As part of TSN's countdown to the 2012 NHL Draft, TSN.ca is providing reports for all seven Canadian teams going into the big event on June 22. Our coverage begins with the Montreal Canadiens.
General Manager: Marc Bergevin
Top Draft Position: No. 3 Overall
Overview: General manager Marc Bergevin takes the helm in Montreal with a good crop of prospects to start with and the pool will only get deeper with the addition of the third overall pick.
Director of Player Procurement Trevor Timmins has hit home runs with Carey Price (fifth overall in 2005) and Max Pacioretty (22nd overall in 2007), but his scouting staff has really shone bright after the first round - taking players like PK Subban, Yannick Weber and Ryan White. Other mid-to-late round picks include Mikhail Grabovski, Mark Streit, Max Lapierre and Jaroslav Halak.
Though new assistant general manager Rick Dudley will not be helping out the Canadiens next week (as part of his defection from the Toronto Maple Leafs), having him for future drafts will certainly strenghten their work at the draft table.
Short Term Needs: The Canadiens need offensive help up front. They were a one-line team last year (with Pacioretty, David Desharnais and Erik Cole) so they need to select and develop Top 6 forwards. Aside from Nail Yakupov, there don't appear to be too many forwards who could crack an NHL lineup right away, so whoever the Canadiens might pick at third overall will probably need time to earn a spot.
Long Term Needs: Because the Canadiens have some promising prospects on defence (Jarred Tinordi and Nathan Beaulieu) and at forward (Brendan Gallagher and Michael Bournival) who may be a year or so away from making the club, building organizational depth as opposed to stocking the shelves in a particular area is probably a big picture view of Montreal's direction in the long term.
From Scott Cullen's Offseason Game Plan: Last year's first-round pick, Nathan Beaulieu is an offensive defenceman who has good size and scored nearly a point-per-game for a powerhouse Saint John team. Some time in the AHL would be the prudent approach, but it will be interesting to see if he can force the Habs' hand by showing them he's ready.
Jarred Tinordi's first OHL season didn't go as planned, but he was much better in 2011-2012, re-establishing his place in the prospect pecking order. He's huge and should be a fixture on the Canadiens blueline for years. As he matures, he'll be groomed for a shutdown role.
A fifth-round pick in 2010, Brendan Gallagher impressed in last year's camp and while he's on the small side, he's put up three straight years with at least 40 goals in the WHL and has some feistiness to his game that should allow him to survive at the next level. Maybe he sneaks into a spot next season, but a more likely scenario is that he starts in the AHL, where he can get used to the pro game and score some before getting his chance with the Canadiens.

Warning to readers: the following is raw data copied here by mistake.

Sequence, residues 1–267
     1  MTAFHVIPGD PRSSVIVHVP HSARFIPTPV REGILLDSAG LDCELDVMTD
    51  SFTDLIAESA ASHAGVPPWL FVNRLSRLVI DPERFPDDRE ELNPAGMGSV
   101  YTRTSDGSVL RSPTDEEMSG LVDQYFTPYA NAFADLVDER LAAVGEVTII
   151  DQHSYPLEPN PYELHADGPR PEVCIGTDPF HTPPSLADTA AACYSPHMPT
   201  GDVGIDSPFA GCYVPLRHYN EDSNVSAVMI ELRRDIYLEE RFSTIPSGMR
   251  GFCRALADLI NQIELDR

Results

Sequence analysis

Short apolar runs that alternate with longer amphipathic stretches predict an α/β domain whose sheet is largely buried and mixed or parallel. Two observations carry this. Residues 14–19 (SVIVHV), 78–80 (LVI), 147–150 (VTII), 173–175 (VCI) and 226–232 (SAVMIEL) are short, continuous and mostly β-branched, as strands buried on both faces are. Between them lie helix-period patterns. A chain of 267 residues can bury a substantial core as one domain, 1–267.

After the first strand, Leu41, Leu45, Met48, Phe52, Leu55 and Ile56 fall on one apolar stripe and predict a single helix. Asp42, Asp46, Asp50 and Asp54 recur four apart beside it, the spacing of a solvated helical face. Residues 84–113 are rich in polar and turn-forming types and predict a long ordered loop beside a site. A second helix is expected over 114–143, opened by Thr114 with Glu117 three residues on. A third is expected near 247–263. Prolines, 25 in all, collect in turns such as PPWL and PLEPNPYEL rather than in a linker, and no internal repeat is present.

Drafted in the second round in 2008, Danny Kristo is returning to North Dakota for his senior season but, after scoring 45 points in 42 games as a junior, he remains an intriguing prospect.
Acquired from Colorado in the Ryan O'Byrne deal, Michael Bournival is a good skater with some offensive ability, but may not be a scorer in the NHL. Even so, with a couple of years to develop, he might be a reliable top nine forward.
Patrick Holland was added from Calgary in the Michael Cammalleri deal and while his goal-scoring didn't go up much in his third junior season, his assist total exploded as he skated alongside Brendan Shinnimin and Adam Hughesman on a very prolific line for Tri-City. That inflated point total may create unreasonable expectations for Holland, but his steady improvement throughout his career does make him worth watching over the next couple years.
While others ahead of him on the list are younger with more variance in their projection, 24-year-old Andreas Engqvist isn't far from the NHL now. He doesn't figure to be a scorer, but at 6-foot-4, can be an effective checking centre.
Morgan Ellis has developed quite a bit in four years of major junior hockey, so he's ready for his next test in the AHL. He's a safe defensive defenceman, with some offensive ability that has improved as he's matured.
A fifth-round pick last summer, Darren Dietz is a physical defenceman who can contribute some offensively. He may be hard-pressed to reach the NHL, but another year in the Western Hockey League may tell a better tale about where is future potential lies after junior.
A 6-foot-4 winger who scored nearly a point per game in Hockey East competition, Steve Quailer may still return to Northeastern for his senior season, but as a forward prospect with size, he bears watching.